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Fundamental theorem of Riemannian geometry

## Summary

In the mathematical field of Riemannian geometry, the fundamental theorem of Riemannian geometry states that on any Riemannian manifold (or pseudo-Riemannian manifold) there is a unique affine connection that is torsion-free and metric-compatible, called the Levi-Civita connection or (pseudo-)Riemannian connection of the given metric. Because it is canonically defined by such properties, often this connection is automatically used when given a metric.

## Statement of the theorem

Fundamental theorem of Riemannian Geometry.[1] Let (M, g) be a Riemannian manifold (or pseudo-Riemannian manifold). Then there is a unique connection which satisfies the following conditions:

• for any vector fields X, Y, and Z we have
${\displaystyle X{\big (}g(Y,Z){\big )}=g(\nabla _{X}Y,Z)+g(Y,\nabla _{X}Z),}$

where X(g(Y, Z)) denotes the derivative of the function g(Y, Z) along vector field X.
• for any vector fields X, Y,
${\displaystyle \nabla _{X}Y-\nabla _{Y}X=[X,Y],}$

where [X, Y] denotes the Lie bracket of X and Y.

The first condition is called metric-compatibility of .[2] It may be equivalently expressed by saying that, given any curve in M, the inner product of any two –parallel vector fields along the curve is constant.[3] It may also be equivalently phrased as saying that the metric tensor is preserved by parallel transport, which is to say that the metric is parallel when considering the natural extension of to act on (0,2)-tensor fields: g = 0.[4] It is further equivalent to require that the connection is induced by a principal bundle connection on the orthonormal frame bundle.[5]

The second condition is sometimes called symmetry of .[6] It expresses the condition that the torsion of is zero, and as such is also called torsion-freeness.[7] There are alternative characterizations.[8]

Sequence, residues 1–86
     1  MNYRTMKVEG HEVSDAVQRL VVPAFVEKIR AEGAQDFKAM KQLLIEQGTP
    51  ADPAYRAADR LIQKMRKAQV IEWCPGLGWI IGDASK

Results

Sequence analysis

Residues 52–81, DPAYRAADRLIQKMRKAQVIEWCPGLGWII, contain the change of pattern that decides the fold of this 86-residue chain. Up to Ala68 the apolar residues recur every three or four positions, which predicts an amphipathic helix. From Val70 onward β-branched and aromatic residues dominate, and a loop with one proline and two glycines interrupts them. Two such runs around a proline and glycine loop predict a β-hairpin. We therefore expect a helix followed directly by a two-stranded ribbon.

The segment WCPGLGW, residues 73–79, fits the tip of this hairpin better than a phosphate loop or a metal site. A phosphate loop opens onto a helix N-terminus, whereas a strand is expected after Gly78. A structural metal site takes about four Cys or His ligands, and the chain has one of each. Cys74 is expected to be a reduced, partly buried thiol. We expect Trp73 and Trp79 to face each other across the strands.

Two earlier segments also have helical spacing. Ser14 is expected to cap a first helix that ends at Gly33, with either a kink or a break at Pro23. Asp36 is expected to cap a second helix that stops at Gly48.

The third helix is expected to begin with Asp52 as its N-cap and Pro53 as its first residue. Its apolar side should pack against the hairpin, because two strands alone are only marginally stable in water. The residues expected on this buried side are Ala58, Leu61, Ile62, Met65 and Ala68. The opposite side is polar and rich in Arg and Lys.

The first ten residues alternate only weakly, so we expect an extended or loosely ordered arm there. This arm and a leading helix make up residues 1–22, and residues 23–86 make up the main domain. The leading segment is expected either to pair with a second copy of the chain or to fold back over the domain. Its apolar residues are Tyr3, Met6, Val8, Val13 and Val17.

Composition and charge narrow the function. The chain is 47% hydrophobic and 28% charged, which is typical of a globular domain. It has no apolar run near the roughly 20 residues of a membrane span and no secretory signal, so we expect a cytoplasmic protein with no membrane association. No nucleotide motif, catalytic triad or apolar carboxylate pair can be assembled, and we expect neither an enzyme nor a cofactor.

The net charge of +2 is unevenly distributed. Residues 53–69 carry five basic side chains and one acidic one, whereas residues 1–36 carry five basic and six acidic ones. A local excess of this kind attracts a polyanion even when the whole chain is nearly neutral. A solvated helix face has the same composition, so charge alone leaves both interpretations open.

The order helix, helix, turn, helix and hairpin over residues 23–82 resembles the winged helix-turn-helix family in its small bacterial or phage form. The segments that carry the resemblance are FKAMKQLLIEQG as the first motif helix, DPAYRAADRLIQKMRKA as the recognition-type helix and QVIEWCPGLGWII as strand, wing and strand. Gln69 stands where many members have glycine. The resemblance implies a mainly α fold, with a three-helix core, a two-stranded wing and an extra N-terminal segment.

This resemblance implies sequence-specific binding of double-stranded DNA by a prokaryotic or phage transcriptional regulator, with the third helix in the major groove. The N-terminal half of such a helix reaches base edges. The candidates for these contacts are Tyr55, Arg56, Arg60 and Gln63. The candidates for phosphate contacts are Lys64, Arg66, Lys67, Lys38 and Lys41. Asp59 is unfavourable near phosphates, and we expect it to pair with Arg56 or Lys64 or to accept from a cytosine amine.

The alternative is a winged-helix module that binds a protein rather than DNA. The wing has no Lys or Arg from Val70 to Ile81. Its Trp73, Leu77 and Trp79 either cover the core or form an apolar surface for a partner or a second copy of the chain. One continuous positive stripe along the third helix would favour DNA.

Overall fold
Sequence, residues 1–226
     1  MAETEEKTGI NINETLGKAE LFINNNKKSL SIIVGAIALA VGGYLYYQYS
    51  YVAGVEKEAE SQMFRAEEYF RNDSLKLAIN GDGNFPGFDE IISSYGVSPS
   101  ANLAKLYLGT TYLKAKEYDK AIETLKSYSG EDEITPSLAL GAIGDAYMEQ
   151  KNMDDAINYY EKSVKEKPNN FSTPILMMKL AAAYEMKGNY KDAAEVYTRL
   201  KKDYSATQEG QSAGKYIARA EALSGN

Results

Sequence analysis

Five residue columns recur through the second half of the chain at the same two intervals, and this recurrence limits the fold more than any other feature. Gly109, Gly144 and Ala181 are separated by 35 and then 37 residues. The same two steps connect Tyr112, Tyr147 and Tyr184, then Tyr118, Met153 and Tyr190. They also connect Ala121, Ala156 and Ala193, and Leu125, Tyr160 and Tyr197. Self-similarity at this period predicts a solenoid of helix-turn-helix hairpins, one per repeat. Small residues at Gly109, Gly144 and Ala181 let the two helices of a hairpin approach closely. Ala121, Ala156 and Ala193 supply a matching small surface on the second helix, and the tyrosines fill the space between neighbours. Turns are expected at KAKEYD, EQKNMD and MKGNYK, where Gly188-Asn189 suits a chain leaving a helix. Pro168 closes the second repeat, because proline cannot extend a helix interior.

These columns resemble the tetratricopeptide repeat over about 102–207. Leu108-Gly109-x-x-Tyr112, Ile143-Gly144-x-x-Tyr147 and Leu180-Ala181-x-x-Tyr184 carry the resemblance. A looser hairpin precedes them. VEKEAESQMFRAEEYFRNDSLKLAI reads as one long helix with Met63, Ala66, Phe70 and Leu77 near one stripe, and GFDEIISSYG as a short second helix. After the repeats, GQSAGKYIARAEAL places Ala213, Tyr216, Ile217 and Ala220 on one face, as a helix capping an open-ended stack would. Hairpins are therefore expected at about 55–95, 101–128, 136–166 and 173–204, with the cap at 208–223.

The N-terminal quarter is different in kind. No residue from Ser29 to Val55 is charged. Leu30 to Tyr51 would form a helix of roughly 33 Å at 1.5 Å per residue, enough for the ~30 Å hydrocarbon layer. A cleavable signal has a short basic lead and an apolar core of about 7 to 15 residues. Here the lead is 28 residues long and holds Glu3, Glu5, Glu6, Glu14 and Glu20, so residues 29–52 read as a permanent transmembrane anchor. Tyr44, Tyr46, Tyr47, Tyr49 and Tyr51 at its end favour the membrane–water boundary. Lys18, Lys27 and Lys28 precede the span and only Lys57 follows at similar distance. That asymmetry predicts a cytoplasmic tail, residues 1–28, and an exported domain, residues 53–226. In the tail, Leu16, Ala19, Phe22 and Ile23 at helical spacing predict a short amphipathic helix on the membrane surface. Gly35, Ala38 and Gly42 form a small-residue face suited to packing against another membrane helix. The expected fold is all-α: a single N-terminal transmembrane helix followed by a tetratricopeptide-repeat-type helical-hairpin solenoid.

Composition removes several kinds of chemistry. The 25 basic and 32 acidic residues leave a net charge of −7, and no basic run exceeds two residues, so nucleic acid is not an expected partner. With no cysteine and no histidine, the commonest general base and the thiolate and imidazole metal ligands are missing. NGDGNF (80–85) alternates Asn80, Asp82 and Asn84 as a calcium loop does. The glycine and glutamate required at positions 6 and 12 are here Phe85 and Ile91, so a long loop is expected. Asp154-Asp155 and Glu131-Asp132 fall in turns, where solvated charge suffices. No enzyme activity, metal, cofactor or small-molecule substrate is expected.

An extension of the fundamental theorem states that given a pseudo-Riemannian manifold there is a unique connection preserving the metric tensor, with any given vector-valued 2-form as its torsion. The difference between an arbitrary connection (with torsion) and the corresponding Levi-Civita connection is the contorsion tensor.

The fundamental theorem asserts both existence and uniqueness of a certain connection, which is called the Levi-Civita connection or (pseudo-)Riemannian connection. However, the existence result is extremely direct, as the connection in question may be explicitly defined by either the second Christoffel identity or Koszul formula as obtained in the proofs below. This explicit definition expresses the Levi-Civita connection in terms of the metric and its first derivatives. As such, if the metric is k-times continuously differentiable, then the Levi-Civita connection is (k − 1)-times continuously differentiable.[9]

The Levi-Civita connection can also be characterized in other ways, for instance via the Palatini variation of the Einstein–Hilbert action.

## Proof of the theorem

The proof of the theorem can be presented in various ways.[10] Here the proof is first given in the language of coordinates and Christoffel symbols, and then in the coordinate-free language of covariant derivatives. Regardless of the presentation, the idea is to use the metric-compatibility and torsion-freeness conditions to obtain a direct formula for any connection that is both metric-compatible and torsion-free. This establishes the uniqueness claim in the fundamental theorem. To establish the existence claim, it must be directly checked that the formula obtained does define a connection as desired.

### Local coordinates

Here the Einstein summation convention will be used, which is to say that an index repeated as both subscript and superscript is being summed over all values. Let m denote the dimension of M. Recall that, relative to a local chart, a connection is given by m3 smooth functions

${\displaystyle \left\{\Gamma _{ij}^{l}\right\},}$

with
${\displaystyle (\nabla _{X}Y)^{i}=X^{j}\partial _{j}Y^{i}+X^{j}Y^{k}\Gamma _{jk}^{i}}$

for any vector fields X and Y.[11] Torsion-freeness of the connection refers to the condition that XY − ∇Y X = [X, Y] for arbitrary X and Y. Written in terms of local coordinates, this is equivalent to
${\displaystyle 0=X^{j}Y^{k}(\Gamma _{jk}^{i}-\Gamma _{kj}^{i}),}$

which by arbitrariness of X and Y is equivalent to the condition Γi
jk
= Γi
kj
.[12] Similarly, the condition of metric-compatibility is equivalent to the condition[13]
${\displaystyle \partial _{k}g_{ij}=\Gamma _{ki}^{l}g_{lj}+\Gamma _{kj}^{l}g_{il}.}$